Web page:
Simply a Poem on Wanting
Poems by Erin Elizabeth
Sun is a mole, an abnormal speck of sky
plastered onto the decrescendo of dusk.
I am sitting across the Antarctica of his grey
'94 wagon, and it is there, I grapple for you,
for your almost reachable limbs, spread
vulnerable that late May evening,
your body soured by her eyes, landmines.
I place a hand, two, over my gaunt shoulders,
brushing my cheek, thinking how different
every night under those assassin stars should have been.
Now the scenery is static, the beauty of freedom,
green and tedious. The promised Delaware coast,
steady rise of Virginia peaks, a day tossed over his head
into the cool chlorine; all like newspaper.
There is just you and my ancient musings–
almost asking what all your music meant
before Orlando, how she could hold your alphabet
in such tight and diligent fists, and how I was supposed to
find your feet when the weight of my existence collapsed,
and I became a featherless child, in a world of cutouts.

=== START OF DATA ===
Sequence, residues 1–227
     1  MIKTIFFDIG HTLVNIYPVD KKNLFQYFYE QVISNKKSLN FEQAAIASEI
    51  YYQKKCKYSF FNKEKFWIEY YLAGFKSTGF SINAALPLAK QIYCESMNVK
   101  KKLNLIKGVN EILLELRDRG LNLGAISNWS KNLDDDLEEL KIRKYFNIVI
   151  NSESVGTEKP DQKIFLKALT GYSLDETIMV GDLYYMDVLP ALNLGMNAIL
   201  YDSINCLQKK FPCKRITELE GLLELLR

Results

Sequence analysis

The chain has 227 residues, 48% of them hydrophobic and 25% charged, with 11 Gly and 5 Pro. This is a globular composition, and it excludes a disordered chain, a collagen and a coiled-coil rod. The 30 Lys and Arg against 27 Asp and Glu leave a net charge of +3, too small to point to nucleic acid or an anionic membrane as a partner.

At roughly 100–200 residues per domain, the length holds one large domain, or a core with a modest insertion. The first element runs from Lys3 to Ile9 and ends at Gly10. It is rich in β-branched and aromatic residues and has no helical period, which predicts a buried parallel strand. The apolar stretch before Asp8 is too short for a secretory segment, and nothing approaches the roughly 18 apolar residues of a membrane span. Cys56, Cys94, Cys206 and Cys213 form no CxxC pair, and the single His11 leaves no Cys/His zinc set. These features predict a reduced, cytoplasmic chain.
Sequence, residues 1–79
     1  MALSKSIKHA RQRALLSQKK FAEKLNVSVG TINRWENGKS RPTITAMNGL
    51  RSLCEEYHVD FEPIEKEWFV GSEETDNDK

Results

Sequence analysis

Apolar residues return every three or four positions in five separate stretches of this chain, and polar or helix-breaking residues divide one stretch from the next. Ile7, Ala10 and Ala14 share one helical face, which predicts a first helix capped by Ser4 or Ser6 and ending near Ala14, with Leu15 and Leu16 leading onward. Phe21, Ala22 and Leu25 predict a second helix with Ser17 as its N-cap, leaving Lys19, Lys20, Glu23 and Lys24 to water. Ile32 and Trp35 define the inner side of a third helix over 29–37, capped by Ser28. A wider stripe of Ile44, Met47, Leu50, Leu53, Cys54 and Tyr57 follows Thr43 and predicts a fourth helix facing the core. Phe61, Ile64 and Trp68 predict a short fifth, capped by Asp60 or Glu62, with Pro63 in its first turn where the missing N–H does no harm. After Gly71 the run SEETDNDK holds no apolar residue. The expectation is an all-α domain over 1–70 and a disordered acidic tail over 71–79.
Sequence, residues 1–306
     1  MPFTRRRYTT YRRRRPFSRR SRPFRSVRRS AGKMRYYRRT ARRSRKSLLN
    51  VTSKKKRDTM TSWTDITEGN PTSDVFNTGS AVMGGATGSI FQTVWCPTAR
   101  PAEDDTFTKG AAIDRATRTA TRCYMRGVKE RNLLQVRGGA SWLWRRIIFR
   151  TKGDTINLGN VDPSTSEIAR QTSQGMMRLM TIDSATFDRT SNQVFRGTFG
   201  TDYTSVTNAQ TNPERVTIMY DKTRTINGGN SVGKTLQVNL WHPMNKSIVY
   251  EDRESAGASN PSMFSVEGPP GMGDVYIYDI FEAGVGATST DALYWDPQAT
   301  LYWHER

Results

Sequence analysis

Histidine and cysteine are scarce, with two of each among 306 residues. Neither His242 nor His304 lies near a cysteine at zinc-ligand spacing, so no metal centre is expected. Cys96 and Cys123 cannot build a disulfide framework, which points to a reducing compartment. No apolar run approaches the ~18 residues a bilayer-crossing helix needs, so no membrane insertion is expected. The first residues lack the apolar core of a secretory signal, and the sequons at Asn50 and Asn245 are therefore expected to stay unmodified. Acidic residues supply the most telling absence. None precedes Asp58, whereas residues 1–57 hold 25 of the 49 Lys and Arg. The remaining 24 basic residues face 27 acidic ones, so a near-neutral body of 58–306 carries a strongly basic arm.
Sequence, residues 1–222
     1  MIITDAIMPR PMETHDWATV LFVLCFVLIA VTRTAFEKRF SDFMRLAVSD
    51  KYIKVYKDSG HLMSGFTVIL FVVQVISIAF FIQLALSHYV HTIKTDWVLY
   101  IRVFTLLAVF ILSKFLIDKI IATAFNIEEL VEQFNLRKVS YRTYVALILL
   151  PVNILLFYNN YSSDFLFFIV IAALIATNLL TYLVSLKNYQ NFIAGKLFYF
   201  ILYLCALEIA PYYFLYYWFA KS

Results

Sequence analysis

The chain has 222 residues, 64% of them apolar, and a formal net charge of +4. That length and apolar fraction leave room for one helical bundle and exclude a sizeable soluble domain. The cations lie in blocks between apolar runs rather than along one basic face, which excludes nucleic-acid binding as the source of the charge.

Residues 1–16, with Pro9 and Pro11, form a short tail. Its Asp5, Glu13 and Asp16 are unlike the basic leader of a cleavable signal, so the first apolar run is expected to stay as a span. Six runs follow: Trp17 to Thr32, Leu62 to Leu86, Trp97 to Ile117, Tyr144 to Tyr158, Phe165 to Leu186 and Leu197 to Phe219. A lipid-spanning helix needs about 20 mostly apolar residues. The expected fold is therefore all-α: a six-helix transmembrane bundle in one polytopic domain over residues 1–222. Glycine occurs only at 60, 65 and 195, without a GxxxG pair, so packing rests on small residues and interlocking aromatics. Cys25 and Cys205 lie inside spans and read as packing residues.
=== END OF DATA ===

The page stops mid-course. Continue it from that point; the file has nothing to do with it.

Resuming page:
There is just me in a fitful quagmire, without verse or veins
to destroy. Just me in a bright pink reality, the tar
of adolescence mopped, resealed. Ziplocked, and driven
into boxes and bags. Me, wanting to kill the sticky mascara
puddles, the creek of eye liner, the girl I couldn't be.
There is just him sitting like a monument,
his eyes not heeding the fallout, the mushroom
movement of me, poised in a pirouette, trying to push
out of this crypt, this sepulcher of fidelity, a pall, pressing
itself in thick blasts onto him, while he turns down the music.
Just me watching the sun spit itself across the war-torn skyline,
pressing my fingers into the sideview mirror, wanting
a man so distant he's close, and feeding on the distance
so close its licking the stone of my inner thigh
wishing to be you.